An exhausting day at Consensus 2017 has culminated in Barry Silbert seemingly guiding major industry figures towards activating SegWit.
Silbert’s SegWit Scheme Pays Off?
In a closed-door meeting organized at Consensus 2017, Silbert allegedly convinced participants to sign on to SegWit by September, with a 12-month “countdown” to a 2MB block size increase.
Investor Alistair Milne tweeted details of the meeting earlier Monday, with Blockstream’s Samson Mow adding information about the September date.
I do not have any insider info, but here is what I think happened today at Consensus which may conclude the Bitcoin scaling debate (for now) pic.twitter.com/6JD2utJ3zB
— Alistair Milne (@alistairmilne) May 22, 2017
SegWit activation would occur if users accepted BIP 148. This update itself is disputed, with both Vinny Lingham and Core developer Luke-jr reacting critically to the Consensus news.
@Excellion What happens when they realise their (incompatible) “Segwit” part of the plan will itself take more than a year?
— Luke Dashjr (@LukeDashjr) May 22, 2017
Lingham meanwhile said he “didn’t think current proposal is safe, yet” but that it “might be the only option.”
Fellow Core dev Eric Lombrozo nevertheless praised the decision, tweeting that the Bitcoin community should see BIP148 “not as a threat but as an amazing opportunity.”
He added an opinion that “for now [BIP148] is the most expedient way to get [SegWit] activated.”
Russell: Network State ‘All My Fault’
Prior to Consensus, affirmations of SegWit support had already been coming. Blockstream engineer Rusty Russell wrote a dedicated blog post on his support, taking an interesting tone as he described the problems arising from previous BIPs as “my fault.”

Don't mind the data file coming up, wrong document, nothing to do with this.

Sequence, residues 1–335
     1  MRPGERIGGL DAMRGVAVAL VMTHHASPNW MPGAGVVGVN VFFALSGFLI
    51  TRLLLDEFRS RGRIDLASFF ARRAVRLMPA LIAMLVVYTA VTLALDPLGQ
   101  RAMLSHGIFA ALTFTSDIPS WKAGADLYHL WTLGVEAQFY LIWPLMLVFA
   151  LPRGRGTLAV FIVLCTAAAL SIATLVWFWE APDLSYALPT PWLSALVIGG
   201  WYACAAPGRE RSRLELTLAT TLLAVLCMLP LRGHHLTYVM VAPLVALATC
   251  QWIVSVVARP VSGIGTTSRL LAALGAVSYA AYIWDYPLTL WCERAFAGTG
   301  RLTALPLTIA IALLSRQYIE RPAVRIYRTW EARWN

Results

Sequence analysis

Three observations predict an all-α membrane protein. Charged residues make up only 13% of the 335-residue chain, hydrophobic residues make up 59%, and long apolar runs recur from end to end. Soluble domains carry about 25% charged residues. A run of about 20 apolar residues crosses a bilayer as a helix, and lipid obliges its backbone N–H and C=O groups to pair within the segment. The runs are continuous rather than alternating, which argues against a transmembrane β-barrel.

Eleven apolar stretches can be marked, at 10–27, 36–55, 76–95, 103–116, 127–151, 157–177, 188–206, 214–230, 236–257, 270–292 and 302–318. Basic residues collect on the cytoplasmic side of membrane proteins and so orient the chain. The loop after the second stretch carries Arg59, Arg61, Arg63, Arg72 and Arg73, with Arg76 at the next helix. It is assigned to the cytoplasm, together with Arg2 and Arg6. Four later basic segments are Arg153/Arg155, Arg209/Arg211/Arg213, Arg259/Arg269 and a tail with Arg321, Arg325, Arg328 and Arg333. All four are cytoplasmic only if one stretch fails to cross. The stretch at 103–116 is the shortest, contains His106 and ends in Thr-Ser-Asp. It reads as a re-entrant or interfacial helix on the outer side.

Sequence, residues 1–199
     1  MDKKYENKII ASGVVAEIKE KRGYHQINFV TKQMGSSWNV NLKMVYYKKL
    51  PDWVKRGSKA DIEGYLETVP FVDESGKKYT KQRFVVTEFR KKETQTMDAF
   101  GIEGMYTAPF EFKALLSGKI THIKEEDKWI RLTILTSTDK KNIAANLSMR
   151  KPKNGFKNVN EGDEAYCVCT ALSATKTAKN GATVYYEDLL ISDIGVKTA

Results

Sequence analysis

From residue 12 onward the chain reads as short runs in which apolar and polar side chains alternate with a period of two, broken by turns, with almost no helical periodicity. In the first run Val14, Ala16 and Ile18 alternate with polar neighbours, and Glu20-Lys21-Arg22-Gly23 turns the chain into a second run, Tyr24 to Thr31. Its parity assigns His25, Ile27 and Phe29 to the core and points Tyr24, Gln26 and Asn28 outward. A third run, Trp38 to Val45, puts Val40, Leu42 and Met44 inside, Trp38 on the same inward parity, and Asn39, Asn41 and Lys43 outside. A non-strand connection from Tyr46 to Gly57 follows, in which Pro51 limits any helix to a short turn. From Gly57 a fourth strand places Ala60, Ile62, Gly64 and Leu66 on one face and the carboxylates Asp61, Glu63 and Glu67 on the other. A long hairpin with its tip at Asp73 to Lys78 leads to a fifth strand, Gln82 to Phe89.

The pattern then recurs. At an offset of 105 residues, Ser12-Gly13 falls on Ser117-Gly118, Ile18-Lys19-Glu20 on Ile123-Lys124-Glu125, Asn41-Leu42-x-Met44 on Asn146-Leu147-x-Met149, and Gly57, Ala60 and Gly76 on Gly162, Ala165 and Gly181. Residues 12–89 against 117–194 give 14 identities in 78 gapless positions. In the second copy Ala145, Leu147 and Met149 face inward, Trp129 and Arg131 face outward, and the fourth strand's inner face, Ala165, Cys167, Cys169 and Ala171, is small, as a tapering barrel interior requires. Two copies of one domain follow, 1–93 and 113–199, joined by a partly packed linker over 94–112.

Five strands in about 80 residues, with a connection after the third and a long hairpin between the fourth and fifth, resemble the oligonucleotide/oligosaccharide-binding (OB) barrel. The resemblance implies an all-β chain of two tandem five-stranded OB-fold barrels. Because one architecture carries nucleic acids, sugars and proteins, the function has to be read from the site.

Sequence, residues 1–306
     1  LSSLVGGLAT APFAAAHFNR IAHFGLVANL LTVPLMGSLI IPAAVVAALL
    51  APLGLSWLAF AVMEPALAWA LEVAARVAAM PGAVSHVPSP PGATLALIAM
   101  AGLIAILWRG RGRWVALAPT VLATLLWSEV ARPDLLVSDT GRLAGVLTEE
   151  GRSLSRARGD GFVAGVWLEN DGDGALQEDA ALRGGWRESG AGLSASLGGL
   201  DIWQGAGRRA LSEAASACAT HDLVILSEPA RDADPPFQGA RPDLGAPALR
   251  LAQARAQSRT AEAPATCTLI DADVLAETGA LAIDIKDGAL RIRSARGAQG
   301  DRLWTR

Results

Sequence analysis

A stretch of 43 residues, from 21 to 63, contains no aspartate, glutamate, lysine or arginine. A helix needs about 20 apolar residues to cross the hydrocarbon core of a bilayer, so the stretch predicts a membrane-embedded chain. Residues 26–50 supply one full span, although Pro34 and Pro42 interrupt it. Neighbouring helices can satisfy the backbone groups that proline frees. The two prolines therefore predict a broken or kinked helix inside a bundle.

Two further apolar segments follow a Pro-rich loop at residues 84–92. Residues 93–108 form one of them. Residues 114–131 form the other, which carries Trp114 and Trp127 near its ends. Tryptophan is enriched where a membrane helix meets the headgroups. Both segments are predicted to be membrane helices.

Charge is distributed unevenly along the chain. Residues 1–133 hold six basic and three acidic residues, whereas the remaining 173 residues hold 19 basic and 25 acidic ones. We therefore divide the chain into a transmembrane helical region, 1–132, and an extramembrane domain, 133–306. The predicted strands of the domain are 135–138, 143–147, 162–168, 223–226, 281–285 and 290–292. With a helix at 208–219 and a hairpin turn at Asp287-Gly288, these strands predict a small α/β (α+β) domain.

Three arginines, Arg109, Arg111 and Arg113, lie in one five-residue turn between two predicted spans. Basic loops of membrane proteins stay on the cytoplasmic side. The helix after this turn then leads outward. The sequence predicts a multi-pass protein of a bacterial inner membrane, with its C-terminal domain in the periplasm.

“It’s my fault and I’m sorry. Let’s fix it,” he wrote, referring to the network’s current state and the difficulty in achieving consensus within the community.
“My full node now signals for the UASF. I will upgrade it soon to support the UASF, and actively advocate that my fellow bitcoiners do so too,” he added.
Best Foot Forward For Miners
Under BIP148, miners would not be required to mine SegWit blocks; rather, they would need to signal support for it from August 1, which Russell confirms would be a “trivial change.”
Users would then be able to “push” miners off the network for not signaling support, with a four-week grace period before SegWit began.
Crucially, a miner would not need to produce SegWit blocks to remain on the network, as Bitcoin Core’s SegWit Upgrade Guide confirmed back in October.
“The segwit soft fork does not require you to produce segwit-style blocks, so you may continue producing non-segwit blocks indefinitely,” it stated.
However, once segwit activates, it will be possible for other miners to produce blocks that you consider to be valid but which every segwit-enforcing node rejects; if you build any of your blocks upon those invalid blocks, your blocks will be considered invalid too.
What do you think about the possible consensus reached at Consensus? Let us know in the comments below!
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